“Vintage and thrift shopping is good for the environment and makes for a more unique and personalized home,” she says.


Moody Blues

The kitchen was one of their biggest projects. It was cramped and dated — not an ideal gathering space for a family of five.  

“It was pretty awful when we started,” says Gudz-Reynolds, with its bulky white cabinets, a built-in hutch and segmented spaces that made the room feel claustrophobic. It took them a few months to design the layout, and eight months in all to complete.


The verdant, sunny kitchen has an airy and open layout. Photography by Angel Tucker

They gutted the room down to the studs and started installing the cabinets on Thanksgiving, finishing in time for Christmas. They moved the stove against a wall, removed a breakfast bar and installed brand new cobalt cabinets, a marble backsplash, a spacious kitchen island and quartz countertops. 

Libby and Nate designed and crafted the floating wooden shelves surrounding the stove, using attic floorboards removed from the master bathroom. They sanded them down, but not too much — they wanted to leave the original details and nails hammered in here and there. Modern pendant lampshades, plenty of greenery and a collection of colorful glass fishing floats complete the inviting space, while Libby regularly rotates decor and signs — “No working during drinking hours,” “Maybe swearing will help” — to keep it fresh. 


An egg chair and a wall of Mixtiles peek out from the living room. Photography by Angel Tucker

It all makes for a kitchen that’s now used as a gathering space, instead of a cramped and dated relic from the ’90s.

“I never wanted to sit in it before,” she says. “Now it feels cozy — that’s what I like. I want a home that feels cozy.”


Bespoke Bath


A thirteen-foot double vanity and vintage Persian rug give the master bathroom a chic boho vibe. Photography by Angel Tucker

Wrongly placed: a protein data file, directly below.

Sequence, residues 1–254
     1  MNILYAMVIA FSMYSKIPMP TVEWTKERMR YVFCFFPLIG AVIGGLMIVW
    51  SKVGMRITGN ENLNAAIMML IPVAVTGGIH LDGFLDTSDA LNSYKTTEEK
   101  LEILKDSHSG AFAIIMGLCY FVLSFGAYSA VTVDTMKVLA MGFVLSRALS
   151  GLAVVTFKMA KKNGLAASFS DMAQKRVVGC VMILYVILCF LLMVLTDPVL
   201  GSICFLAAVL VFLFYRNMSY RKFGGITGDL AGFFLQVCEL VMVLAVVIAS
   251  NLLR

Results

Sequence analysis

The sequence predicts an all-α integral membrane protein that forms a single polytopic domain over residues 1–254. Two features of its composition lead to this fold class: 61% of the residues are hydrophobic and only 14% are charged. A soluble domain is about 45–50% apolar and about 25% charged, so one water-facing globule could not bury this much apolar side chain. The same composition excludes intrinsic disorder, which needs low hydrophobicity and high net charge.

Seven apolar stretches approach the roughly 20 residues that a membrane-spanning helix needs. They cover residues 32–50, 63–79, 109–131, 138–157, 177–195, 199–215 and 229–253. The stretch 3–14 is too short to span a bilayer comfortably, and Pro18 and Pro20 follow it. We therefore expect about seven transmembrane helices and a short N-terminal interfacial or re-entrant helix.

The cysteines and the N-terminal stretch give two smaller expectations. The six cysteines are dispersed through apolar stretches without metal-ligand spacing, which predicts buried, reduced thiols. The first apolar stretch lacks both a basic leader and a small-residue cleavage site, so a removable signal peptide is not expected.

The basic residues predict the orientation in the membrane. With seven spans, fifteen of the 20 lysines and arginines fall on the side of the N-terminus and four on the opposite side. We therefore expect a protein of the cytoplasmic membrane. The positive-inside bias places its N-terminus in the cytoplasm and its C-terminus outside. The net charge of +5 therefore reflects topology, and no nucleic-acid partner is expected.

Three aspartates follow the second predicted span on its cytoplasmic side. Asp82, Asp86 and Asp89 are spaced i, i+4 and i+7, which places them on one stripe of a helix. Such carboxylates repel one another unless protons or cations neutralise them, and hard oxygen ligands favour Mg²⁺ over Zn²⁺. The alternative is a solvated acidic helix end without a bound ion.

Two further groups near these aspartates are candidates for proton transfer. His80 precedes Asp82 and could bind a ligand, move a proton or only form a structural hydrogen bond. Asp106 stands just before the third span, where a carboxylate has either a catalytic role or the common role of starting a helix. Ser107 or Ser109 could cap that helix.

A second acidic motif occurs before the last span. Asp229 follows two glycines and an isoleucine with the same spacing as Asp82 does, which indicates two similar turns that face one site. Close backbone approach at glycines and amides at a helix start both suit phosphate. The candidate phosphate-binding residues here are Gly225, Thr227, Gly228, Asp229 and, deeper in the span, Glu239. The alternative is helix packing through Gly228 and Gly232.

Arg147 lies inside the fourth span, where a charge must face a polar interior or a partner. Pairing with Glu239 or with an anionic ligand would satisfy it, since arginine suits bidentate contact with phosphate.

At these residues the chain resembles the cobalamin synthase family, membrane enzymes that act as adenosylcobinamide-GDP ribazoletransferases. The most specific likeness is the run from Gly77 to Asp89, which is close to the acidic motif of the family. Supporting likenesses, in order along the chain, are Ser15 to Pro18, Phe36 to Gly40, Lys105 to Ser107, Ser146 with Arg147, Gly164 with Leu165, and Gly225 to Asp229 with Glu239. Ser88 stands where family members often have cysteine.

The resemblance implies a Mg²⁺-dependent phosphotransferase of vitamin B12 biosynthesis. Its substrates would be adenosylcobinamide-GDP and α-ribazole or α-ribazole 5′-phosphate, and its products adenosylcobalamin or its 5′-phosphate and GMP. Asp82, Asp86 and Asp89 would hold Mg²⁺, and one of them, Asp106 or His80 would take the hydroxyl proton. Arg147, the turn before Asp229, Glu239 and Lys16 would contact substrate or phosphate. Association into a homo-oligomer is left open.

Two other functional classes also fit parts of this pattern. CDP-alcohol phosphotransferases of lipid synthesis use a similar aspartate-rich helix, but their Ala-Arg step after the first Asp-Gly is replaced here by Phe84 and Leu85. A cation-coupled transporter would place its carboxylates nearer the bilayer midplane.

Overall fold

On their first day in the house, Nate knocked down the wall of the tiny closet in their master bedroom, opening up space to the former maids’ quarters on the other side. Their goal: Building the master bathroom of their dreams.

Much like the kitchen, they sketched out a vision. Gone were the blue carpet, blue shelves and walls trimmed in even more blue. They ripped out the attic floorboards above, exposing gorgeous post-and-beam detailing that made the room soar. Look closely, and you can spy 200-year-old bark remnants on the roughly hewn boards. “We saw those beams and thought, ‘If we’re doing it, we’re doing it big,’” Libby says. 

After watching many YouTube videos, Nate crafted a four-by-five marble shower from the ground up, as well as a thirteen-foot-long double vanity with quartz countertops. They painted it in Sherwin-Williams Tricorn Black to match the bedroom walls. 

The entire process took two years. They called in pros for electrical and plumbing, and to install the shower tile and vanity countertops, but did everything else themselves.  

“We wanted it to be beautiful, but also not go broke,” Libby says with a laugh. 

They succeeded, crafting a lofty, bright space that — much like the rest of the home — is a soothing oasis with history and modern touches woven throughout.

The house, like many other historic properties, is a work in progress. You can follow the family’s home improvement journey on Instagram at @wilder_eden_design_company and, of course, the hashtag #1808andgreat.


Exposed 200-year-old wooden beams add depth to the master bath, while details like colorful thrifted pottery and a monkey figurine in the shower add whimsy. Photography by Angel Tucker